Lottie and I have been reading and re-reading 1 John over the past month or so, and been trying to get our head around the unifying theme of the letter.
I think I've only ever heard one sermon series on this letter and remember being told it was a "book of tests" of the genuineness of our faith. It certainly does contain a number of tests we can apply to ourselves to assess the reality of our claims to belief, but I feel there must be more to it than that.
It seems to me that the verse which most clearly sums up the letter is 1John 3.16, which is one of my favourite in the Bible:
This is how we know what love is: Jesus Christ laid down his life for us. And we also ought to lay down our lives for our brothers and sisters.
So in John's letter, there is a lot about love, a lot about how Jesus Christ reveals God and a lot about how belief shows itself in action. But then the letter finishes rather abruptly and seemingly strangely:
Little children,  keep yourselves from idols.
Usually, the New Testament letter authors start and finish their letters by spelling out the common theme that runs through the letter. But at first sight, this single sentence seems to jar against the rest of the letter. Which made me spend some time thinking about how it fits in.
And on second thought, the final verse made a lot of sense in the context of the opening paragraph of the letter:
That which was from the beginning, which we have heard, which we have seen with our eyes, which we looked upon and have touched with our hands... we proclaim also to you
To the Jews, anything that could be seen with the eyes or touched with the hands was an idol. On top of that, the greeks in Ephesus (where John was probably living when he wrote the letter) were surrounded by idols and idol worship. So John wants to make it clear that this thing that he has seen and touched is not an idol - it's a person: Jesus Christ. And he wants to show his readers the difference between idol worship and true worship of the Living God.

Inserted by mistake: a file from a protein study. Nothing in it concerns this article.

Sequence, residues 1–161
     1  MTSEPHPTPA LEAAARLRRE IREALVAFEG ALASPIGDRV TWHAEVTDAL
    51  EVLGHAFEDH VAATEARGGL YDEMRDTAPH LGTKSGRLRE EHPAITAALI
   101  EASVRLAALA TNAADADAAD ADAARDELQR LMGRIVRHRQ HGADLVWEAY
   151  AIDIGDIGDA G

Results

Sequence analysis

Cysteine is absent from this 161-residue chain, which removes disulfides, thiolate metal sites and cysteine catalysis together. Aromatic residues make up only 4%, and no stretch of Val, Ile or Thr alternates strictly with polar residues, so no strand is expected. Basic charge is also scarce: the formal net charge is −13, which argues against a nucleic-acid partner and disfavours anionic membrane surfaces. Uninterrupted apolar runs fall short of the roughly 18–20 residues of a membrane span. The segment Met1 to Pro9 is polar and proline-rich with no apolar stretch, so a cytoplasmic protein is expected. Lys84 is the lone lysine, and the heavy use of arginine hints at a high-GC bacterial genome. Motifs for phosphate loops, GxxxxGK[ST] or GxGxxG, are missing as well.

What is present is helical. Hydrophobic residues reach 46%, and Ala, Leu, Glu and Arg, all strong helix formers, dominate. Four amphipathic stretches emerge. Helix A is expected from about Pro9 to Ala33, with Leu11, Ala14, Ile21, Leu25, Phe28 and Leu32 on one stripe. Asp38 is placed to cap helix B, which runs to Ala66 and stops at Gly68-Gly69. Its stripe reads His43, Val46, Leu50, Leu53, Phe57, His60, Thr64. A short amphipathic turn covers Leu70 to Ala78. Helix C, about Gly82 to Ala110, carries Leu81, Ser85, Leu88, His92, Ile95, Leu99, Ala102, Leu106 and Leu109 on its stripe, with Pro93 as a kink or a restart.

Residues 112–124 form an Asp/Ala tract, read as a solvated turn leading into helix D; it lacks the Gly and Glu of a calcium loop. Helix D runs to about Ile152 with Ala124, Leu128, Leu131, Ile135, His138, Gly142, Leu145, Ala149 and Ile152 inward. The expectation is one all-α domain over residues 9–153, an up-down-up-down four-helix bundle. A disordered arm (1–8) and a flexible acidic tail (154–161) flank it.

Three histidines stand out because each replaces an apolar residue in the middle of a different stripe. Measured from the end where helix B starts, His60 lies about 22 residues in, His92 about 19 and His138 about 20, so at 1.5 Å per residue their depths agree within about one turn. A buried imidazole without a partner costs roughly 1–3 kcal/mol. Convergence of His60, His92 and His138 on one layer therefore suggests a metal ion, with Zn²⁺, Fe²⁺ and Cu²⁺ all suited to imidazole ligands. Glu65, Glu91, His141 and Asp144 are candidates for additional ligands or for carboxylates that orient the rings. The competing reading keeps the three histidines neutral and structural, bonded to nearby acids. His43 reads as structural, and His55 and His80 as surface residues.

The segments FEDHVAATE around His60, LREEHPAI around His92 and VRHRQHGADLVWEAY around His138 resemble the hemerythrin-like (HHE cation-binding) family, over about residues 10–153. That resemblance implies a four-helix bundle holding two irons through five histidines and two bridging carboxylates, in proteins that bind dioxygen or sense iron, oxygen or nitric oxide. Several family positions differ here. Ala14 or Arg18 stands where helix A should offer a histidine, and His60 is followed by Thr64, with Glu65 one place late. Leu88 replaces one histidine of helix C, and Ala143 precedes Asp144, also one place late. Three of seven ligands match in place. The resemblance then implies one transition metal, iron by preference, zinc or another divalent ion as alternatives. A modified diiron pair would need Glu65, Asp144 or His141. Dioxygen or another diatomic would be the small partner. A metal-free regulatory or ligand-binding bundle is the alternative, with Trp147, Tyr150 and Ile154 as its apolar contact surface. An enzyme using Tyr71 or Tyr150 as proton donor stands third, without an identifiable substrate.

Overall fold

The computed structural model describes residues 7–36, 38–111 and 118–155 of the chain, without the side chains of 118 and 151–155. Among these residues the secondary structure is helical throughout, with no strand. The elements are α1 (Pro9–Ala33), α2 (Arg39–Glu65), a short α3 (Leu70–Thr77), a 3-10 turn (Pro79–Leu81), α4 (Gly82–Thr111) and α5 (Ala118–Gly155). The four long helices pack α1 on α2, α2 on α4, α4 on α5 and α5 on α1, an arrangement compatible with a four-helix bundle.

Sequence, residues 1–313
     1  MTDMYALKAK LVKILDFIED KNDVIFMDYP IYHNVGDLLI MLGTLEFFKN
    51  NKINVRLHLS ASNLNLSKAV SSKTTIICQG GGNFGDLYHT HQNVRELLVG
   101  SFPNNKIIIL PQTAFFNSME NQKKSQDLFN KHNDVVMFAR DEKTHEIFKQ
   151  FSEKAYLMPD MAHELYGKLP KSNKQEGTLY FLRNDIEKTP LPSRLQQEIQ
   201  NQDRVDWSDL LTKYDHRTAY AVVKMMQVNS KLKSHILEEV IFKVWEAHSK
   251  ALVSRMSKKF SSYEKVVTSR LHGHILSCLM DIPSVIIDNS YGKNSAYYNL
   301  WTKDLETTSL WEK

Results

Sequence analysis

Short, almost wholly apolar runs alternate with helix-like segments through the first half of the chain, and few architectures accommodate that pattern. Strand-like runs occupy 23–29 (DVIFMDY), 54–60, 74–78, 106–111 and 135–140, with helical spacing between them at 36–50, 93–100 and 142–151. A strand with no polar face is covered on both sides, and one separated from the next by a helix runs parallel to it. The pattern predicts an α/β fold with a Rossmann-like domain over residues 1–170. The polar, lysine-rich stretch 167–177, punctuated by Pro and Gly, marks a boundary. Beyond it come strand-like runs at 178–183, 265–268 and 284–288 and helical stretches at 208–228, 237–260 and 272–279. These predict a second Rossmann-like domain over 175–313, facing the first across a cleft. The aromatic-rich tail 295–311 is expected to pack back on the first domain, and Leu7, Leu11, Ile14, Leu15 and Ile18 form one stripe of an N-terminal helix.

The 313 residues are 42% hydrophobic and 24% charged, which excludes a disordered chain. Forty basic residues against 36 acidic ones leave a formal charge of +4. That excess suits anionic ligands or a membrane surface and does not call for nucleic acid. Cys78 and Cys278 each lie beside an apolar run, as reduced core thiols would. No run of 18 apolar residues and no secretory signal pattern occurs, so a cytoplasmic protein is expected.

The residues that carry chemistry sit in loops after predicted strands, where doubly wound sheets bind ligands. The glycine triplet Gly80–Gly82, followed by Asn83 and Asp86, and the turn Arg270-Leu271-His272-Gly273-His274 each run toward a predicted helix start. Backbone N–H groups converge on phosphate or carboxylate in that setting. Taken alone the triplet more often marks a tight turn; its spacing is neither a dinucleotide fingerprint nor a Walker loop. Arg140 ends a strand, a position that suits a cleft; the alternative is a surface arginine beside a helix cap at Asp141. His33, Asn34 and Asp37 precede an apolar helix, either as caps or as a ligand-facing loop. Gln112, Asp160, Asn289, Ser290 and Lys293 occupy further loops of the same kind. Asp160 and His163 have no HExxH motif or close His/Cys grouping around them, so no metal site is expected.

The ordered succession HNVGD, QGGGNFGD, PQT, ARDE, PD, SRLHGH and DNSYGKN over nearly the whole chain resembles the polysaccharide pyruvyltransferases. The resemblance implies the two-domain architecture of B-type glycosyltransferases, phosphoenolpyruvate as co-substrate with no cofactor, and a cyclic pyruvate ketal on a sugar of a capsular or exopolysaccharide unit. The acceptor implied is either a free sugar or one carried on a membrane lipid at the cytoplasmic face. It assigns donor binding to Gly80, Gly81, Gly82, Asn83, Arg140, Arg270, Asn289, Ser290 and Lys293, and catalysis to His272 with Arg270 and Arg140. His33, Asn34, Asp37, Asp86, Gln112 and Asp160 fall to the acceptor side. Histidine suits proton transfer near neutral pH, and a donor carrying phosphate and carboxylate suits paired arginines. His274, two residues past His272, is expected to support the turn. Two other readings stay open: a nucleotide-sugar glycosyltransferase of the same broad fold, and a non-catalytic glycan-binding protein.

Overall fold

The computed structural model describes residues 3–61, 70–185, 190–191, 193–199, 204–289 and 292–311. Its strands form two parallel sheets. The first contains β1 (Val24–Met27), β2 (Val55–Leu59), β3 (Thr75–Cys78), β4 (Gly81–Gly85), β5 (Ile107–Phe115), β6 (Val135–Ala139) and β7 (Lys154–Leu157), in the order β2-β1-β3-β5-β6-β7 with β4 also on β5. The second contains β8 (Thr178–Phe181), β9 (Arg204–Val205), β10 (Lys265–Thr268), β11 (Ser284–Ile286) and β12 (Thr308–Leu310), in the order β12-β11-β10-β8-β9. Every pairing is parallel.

So the conclusion I reached is this: 1 John is a letter about true worship: it's about who we worship and how we worship him.
So what does John tell us about who we worship?
  • He is a God who has revealed himself (1Jn 1.2)
  • He has revealed himself by sending his Son, Jesus Christ into the world (1Jn 1.1)
  • Through Jesus we can know God and have a relationship with him (1Jn 1.3, 1Jn 2.13)
  • God is light: he is the source of all goodness in the world (1Jn 1.5)
  • Through the blood of Jesus shed on the cross, he wipes out sin (1Jn 1.7, 1Jn 2.2)
What does it mean to worship him, according to John?
  • To find fulness of joy (1Jn 1.4)
  • To confess that we are sinners and we desperately need his forgiveness in Jesus (1Jn 1.8-10)
  • To keep his commandments (1Jn 2.3-4), namely:
    • To imitate Jesus in the way we live (1Jn 2.6)
    • To worship him alone, loving him with all that we are
    • To love others (especially his church) with the love that he has shown us (1Jn 2.9-11)